After the commencement of extermination of the Jews by the Nazis, there were many responses to Nazi persecution by the Jews in various forms both collective and individual. There were factors that encouraged both rebellion and the inhibition of rebellion and resistance. For…
On the other hand, there were organized rebellions and resistance, bolstered by internal support as well as a reaction to external reasons.
One thing that may have hindered Jewish resistance during this time was that there was the problem that Jews who did fight back or escape often faced an ambivalent setting in other nations. After the early twentieth century, and arguably long before this as well, the climate in Europe was changing towards a status quo which was turbulent, to say the least, towards those of the Jewish faith: “at the end of World War I… groups blamed the Jews for the social disruption, political instability, and economic crises that ensued” (Leventhal 2008) At this time, around 1934, the Nazis also began to persecute Jews. Laws were passed banning Jews from respected professions, and the boycotting of Jewish stores was encouraged. In the same sort of blurred reasoning that made the Nazis see the Reichstag building as an enemy, the Nazis considered Judaism to be an ethnic rather than a religious distinction. Therefore, even citizens who had converted to Christianity were considered to be Jewish if they had Jewish ancestry. This is at the very least ironic, since according to many sources, Hitler himself came from Jewish roots. During this period, the Nazis “encouraged boycotts of Jewish-owned shops and businesses and began book burnings of writings by Jews and by others not approved by the Reich” (Leventhal, 2008). This was a backdrop against which organized rebellion was very difficult.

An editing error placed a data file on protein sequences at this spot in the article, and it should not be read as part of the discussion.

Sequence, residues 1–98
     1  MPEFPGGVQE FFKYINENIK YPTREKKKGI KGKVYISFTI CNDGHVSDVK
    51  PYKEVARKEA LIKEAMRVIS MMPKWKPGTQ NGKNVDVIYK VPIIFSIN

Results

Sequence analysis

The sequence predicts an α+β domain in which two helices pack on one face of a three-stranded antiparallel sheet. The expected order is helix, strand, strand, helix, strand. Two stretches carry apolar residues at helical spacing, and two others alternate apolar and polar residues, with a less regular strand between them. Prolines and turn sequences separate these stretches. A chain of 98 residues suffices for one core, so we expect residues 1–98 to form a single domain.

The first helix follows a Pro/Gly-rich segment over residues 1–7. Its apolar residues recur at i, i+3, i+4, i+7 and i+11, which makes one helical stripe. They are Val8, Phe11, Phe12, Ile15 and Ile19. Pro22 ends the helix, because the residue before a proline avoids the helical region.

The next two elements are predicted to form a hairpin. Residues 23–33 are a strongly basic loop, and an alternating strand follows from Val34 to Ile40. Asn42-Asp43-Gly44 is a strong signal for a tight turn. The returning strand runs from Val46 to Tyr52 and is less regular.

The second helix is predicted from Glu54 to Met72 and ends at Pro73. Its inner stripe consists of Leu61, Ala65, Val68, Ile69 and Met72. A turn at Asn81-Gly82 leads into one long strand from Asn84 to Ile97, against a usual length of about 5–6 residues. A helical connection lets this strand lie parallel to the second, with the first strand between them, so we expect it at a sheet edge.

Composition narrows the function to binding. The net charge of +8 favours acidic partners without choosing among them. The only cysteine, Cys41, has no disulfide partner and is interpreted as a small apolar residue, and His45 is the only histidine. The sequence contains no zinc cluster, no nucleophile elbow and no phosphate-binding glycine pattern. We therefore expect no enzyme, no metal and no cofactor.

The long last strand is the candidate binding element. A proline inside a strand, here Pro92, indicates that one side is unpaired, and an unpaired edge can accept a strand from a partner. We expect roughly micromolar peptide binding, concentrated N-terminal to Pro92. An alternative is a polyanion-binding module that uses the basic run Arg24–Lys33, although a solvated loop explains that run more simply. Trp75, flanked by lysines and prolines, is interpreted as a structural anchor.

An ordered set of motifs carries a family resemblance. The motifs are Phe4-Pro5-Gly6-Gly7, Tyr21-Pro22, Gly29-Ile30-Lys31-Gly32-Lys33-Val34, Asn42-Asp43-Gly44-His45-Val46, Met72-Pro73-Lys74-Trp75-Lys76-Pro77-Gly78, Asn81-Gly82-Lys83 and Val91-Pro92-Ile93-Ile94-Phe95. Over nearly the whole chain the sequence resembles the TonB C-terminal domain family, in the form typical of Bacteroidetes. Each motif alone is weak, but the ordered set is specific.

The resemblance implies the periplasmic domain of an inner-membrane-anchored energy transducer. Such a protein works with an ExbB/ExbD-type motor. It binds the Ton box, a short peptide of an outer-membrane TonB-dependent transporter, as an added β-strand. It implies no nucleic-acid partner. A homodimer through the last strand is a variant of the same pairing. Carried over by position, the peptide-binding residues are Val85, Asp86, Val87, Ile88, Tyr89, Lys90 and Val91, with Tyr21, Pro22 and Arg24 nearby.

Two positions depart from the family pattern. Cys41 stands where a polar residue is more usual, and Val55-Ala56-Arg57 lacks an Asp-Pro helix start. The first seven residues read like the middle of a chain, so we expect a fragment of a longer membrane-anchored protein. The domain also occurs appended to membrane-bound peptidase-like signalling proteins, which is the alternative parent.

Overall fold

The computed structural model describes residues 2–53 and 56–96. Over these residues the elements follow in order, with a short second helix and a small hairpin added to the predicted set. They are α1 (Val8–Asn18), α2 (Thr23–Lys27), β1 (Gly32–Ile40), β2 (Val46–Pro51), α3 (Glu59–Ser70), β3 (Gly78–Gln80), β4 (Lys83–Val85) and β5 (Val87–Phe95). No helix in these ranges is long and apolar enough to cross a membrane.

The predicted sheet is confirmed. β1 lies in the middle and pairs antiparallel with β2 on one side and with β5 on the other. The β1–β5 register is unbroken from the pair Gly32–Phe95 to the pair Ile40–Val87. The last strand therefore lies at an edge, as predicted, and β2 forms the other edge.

It was also hard for Jews to fight back against the Nazis because the Nazis were in charge of an enormous propaganda machine that influenced the German people. Propaganda was also important to the expansion of Nazi power. One instance of
In Spigelman’s recent story about the Holocaust “Maus,” the narrator Artie confronts questions of why the Jews did not ...
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(“Holocaust Essay Example | Topics and Well Written Essays - 500 words”, n.d.)
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(Holocaust Essay Example | Topics and Well Written Essays - 500 Words)
“Holocaust Essay Example | Topics and Well Written Essays - 500 Words”, n.d. https://studentshare.net/miscellaneous/384565-holocaust.
This very disturbing historical incident was known as the Holocaust. Before the Holocaust, there were about nine million Jews in Europe, however approximately two – thirds of them were massacred by Adolf Hitler together with the Nazi regime. 1 With the given support of the state, there were different laws implemented in order to eliminate the Jews in which the Nuremberg Laws as introduced by Hitler had become one of the most notoriously known.
However, it must also be understood that in order to understand why the holocaust took place, focusing solely upon the Nazi period of German or European history is not sufficient. As such, deep undercurrents of anti-Semitism and racial hatred for the Jewish population of Europe had existed since the Middle Ages.
First it must be discussed what a Holocaust denier is. A Holocaust denier is a person who rejects the notion that the Holocaust actually happened. There is a school of thought called "historical revisionism" which seeks to revise history.
Additionally, Holocaust denial is not based on factual evidence, but rather is "based on falsification and defamation, which seeks to appear in a respectable, academic guise.
In the very first chapter, Friedlander mentions that while eugenics was not peculiar to Germany, the political and scientific community was more radical in that country. In the ninteenth and early twentieth century, eugenics was a bonafide science and received poltical support.
world, many countries have conquered others for a variety of motives while oppressing its citizens but what was the motive for systematically exterminating a particular race of people? How could such a passionate hatred of Jews spread through an entire national conscience
The German people readily accepted the necessity to exterminate an enemy. Propaganda allowed the Holocaust to continue. The war also allowed the Holocaust to go on for so long.
Since the Diaspora, or scattering of the Jews from current day Israel, Europeans
those who were physically or mentally disabled, the mentally insane, or of other ethnic races such as Roma and Gypsies, in addition to anyone deemed a prisoner of war were subjected to either forced labor and near-starvation in the concentration and death camps in Europe, or